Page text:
• Dr. Marvin Berkowitz of St. Louis University conducted an analysis of the behavioral development factors that must be considered in searching for an optimal age range for instruction of cyber ethics. Dr. Berkowitz concluded that the 9-12 age was a "very reasonable" age to target for a first time strategy of cyber ethics instruction. . . The 9-12 age is also the point in development where children begin to understand abstract values, for example, privacy rights, and can begin to evaluate the consequences of their actions. (Source: “The Cybercitizen Partnership: Teaching Children Cyber Ethics,” Information Technology Association of America Foundation, 2000)

  • A recent online poll by Scholastic Magazine of almost 50,000 elementary and middle school students showed that 50 percent of the students did not believe that hacking was a crime.

  • Most Internet use among young people occurs from the home (63 percent). (Source: Kaiser Family Foundation, 2001)

  • 78 percent go online at least a few times a week. (Source: Kaiser, 2001)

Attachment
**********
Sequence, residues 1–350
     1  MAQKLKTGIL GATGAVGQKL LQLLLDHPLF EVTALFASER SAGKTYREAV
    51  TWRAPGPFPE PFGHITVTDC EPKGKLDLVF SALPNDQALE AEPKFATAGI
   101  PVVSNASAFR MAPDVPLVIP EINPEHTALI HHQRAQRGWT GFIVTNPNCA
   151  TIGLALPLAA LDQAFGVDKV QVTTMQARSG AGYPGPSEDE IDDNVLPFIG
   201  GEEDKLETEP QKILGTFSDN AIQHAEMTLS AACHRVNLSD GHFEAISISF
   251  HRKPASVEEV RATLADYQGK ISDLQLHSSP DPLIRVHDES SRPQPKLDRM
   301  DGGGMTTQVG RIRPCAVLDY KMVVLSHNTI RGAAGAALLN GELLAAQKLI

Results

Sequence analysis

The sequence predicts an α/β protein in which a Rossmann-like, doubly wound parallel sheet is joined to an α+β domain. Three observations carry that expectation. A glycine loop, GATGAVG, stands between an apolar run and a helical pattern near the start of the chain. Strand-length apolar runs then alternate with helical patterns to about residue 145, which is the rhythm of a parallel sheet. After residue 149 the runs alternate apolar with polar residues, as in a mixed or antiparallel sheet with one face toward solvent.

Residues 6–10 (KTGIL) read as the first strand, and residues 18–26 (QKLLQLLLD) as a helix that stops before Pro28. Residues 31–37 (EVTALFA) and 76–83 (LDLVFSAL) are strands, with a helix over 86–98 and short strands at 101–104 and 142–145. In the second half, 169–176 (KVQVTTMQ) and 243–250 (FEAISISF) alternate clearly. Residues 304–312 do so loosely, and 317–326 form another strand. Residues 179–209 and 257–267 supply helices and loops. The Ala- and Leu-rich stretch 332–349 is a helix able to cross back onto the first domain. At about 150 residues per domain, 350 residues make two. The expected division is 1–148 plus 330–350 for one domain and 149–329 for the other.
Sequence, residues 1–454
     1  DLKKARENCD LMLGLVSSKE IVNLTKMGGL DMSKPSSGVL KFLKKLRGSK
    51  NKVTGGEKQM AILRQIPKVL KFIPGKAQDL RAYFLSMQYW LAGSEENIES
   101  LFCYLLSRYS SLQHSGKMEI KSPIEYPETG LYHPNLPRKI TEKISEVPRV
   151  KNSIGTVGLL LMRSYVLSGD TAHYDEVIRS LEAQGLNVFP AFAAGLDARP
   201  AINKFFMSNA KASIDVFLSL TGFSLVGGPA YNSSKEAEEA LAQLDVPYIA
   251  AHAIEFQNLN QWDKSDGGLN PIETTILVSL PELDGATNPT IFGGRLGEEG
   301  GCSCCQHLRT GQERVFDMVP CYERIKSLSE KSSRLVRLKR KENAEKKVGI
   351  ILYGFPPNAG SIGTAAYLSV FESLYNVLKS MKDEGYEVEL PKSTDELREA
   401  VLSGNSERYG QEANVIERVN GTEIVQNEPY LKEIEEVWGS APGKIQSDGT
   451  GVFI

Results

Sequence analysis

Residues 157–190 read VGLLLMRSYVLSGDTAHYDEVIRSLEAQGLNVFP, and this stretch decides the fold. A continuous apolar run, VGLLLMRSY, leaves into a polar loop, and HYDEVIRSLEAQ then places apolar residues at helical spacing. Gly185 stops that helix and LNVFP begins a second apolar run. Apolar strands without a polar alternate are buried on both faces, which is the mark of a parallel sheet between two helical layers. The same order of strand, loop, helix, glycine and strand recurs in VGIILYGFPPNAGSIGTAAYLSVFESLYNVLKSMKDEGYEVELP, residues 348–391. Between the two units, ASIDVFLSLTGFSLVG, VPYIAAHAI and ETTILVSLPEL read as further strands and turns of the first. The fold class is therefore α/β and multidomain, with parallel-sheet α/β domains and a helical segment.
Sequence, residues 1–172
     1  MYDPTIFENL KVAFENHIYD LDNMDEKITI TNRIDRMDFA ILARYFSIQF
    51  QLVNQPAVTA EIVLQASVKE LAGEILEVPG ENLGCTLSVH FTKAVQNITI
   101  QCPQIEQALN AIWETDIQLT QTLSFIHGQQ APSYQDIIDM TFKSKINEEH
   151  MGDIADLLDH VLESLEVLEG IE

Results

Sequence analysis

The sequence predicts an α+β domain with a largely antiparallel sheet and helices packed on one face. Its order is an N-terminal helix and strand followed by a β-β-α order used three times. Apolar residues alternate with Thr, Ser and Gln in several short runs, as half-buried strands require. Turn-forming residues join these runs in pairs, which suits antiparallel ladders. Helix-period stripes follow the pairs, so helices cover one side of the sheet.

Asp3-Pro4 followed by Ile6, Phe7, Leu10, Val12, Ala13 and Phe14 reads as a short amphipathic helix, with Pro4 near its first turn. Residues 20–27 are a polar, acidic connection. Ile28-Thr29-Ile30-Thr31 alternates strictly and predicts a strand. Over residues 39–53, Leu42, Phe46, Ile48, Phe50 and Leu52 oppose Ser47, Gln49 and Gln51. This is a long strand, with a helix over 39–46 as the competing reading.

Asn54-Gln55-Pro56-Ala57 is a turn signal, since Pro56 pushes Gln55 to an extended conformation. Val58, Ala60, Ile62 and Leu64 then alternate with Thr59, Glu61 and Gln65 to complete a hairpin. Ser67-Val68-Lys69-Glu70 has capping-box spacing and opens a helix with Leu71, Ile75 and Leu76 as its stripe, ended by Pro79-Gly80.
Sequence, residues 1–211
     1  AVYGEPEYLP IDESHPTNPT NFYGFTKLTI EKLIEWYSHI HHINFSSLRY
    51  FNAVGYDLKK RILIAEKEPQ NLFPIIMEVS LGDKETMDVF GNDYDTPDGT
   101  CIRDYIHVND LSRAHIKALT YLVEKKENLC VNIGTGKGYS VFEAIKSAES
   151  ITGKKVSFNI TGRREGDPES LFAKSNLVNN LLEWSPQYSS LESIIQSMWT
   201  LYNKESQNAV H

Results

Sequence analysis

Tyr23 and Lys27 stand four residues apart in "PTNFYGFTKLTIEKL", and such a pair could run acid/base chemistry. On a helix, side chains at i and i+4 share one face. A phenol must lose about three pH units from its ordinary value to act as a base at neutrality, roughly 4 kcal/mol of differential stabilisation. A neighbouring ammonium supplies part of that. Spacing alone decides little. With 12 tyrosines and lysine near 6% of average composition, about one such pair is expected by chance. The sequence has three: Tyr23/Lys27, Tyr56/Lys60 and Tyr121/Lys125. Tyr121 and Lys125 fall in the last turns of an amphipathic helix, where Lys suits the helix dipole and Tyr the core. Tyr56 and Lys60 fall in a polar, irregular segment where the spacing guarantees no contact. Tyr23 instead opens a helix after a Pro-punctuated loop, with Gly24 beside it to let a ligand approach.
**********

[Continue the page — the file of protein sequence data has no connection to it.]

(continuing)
• Among the youth who go online, about 70 percent say they have accidentally stumbled across pornography online. (Source: Kaiser, 2001)

  • Almost a third of children watch less TV since having Net access in 2002, up from 23 percent the year before (Source: UCLA’s Internet Report, January 2003)

Education’s Influence:

  • More than 80 percent of U.S. children who used the Internet last year did so at home, a substantial increase over 2000 and 2001, and nearly three-quarters of children who used the Internet in 2002 went online at school, up from little more than half of children in 2000. (Source: UCLA’s Internet Report, January 2003)

  • Twelve states have established online high school programs, and five others are developing them. Twenty-five states allow for the creation of so-called cyber charter schools, and 32 states have e-learning initiatives under way. (Source: “E-Defining Education: A Survey of Sate Technology Coordinators,” Education Week, 2002)